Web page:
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Cattle
Total mastectomy in a cow with gangrenous mastitis
  1. Antonio Ortega-Pacheco1,
  2. Armando J Aguilar-Caballero1,
  3. Matilde Jimenez-Coello2,
  4. Rene Tzab3 and
  5. Eduardo Gutierrez-Blanco1
  1. 1Salud Animal y Medicina Preventiva, Autonomous University of Yucatan, Merida, Yucatan, Mexico
  2. 2CIR/Biomedicas. Lab. de Biologia Celular, Autonomous University of Yucatan, Merida, Yucatan, Mexico
  3. 3Centro Centro de Desarrollo Tecnológico “Tantakin” FIRA, Tzucacab, Yucatan, Mexico
  1. Correspondence to Dr Antonio Ortega-Pacheco, opacheco{at}uady.mx

Abstract

A three-year-old recently calved, dual-purpose cow (Brown Swiss/zebu) presenting with signs of inappetence was examined. The udder was hot and painful. The left hide teat appeared black in colour and was cold to the touch with a bloody discharge evident on stripping the teat. The other teats had a normal appearance and a few drops of watery milk were coming. A gangrenous mastitis was diagnosed. The histopathology showed the presence of coagulative necrosis and fibrosis. Given the cow's commercial value and udder condition, a total mastectomy was performed. Induction and maintenance of anaesthesia was provided by a constant rate infusion of ketamine-xylazine and a regional block was performed. Laboratory cultures were positive for Pseudomonas. Ciprofloxacin was provided for 10 days, and topical treatment with a commercial bee honey product was applied covering all the open wounds. After 45 days, the wound granulated; the cow successfully bred and a healthy calf resulted.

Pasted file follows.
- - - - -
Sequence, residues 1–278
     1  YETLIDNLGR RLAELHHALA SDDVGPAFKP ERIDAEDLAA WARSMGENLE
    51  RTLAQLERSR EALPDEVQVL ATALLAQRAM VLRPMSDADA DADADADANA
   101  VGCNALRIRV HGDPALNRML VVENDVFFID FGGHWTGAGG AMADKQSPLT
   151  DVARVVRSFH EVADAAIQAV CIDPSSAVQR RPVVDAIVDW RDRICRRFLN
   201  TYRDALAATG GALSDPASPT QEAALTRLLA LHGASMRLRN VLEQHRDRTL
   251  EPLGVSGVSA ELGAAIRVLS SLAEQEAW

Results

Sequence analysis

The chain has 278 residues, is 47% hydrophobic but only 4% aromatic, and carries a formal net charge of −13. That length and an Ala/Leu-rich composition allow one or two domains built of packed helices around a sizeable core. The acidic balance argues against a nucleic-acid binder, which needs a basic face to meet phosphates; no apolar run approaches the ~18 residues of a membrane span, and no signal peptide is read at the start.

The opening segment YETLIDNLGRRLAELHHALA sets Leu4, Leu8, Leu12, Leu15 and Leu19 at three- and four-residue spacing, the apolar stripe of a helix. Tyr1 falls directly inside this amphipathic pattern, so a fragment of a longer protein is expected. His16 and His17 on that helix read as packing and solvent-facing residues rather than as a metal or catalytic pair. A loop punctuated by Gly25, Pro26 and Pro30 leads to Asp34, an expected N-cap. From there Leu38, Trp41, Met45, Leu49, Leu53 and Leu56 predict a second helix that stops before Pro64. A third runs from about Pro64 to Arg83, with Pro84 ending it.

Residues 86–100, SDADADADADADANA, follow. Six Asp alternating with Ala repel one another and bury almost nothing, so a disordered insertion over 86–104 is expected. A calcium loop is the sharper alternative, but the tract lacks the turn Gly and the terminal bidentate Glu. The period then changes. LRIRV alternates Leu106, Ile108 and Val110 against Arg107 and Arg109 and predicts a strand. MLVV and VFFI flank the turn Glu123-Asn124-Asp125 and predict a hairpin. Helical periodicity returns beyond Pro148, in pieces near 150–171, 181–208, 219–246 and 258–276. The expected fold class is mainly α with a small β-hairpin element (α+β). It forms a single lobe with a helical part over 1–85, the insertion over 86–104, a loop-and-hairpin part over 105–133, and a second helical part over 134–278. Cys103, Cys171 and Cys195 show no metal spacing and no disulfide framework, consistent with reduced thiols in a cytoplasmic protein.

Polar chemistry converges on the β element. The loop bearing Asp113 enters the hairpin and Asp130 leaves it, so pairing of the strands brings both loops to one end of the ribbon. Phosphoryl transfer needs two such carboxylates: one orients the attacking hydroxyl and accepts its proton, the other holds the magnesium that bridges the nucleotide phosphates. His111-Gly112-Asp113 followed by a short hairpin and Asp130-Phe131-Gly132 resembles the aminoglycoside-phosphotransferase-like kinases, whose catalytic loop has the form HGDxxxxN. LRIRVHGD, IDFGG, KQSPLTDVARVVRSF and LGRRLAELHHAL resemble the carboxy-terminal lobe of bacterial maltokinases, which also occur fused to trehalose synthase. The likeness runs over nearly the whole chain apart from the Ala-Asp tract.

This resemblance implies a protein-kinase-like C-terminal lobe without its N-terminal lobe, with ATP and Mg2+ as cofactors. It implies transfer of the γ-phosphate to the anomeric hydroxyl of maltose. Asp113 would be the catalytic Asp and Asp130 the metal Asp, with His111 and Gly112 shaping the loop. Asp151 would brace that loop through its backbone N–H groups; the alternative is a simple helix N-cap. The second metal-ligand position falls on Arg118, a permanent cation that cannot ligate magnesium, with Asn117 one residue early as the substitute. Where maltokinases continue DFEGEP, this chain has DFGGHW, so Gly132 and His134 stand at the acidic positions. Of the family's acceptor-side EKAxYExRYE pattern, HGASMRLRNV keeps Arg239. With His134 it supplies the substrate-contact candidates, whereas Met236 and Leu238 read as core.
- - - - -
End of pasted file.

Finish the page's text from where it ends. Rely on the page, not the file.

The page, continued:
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  • Received May 7, 2016.
  • Revision received August 17, 2016.
  • Accepted August 18, 2016.
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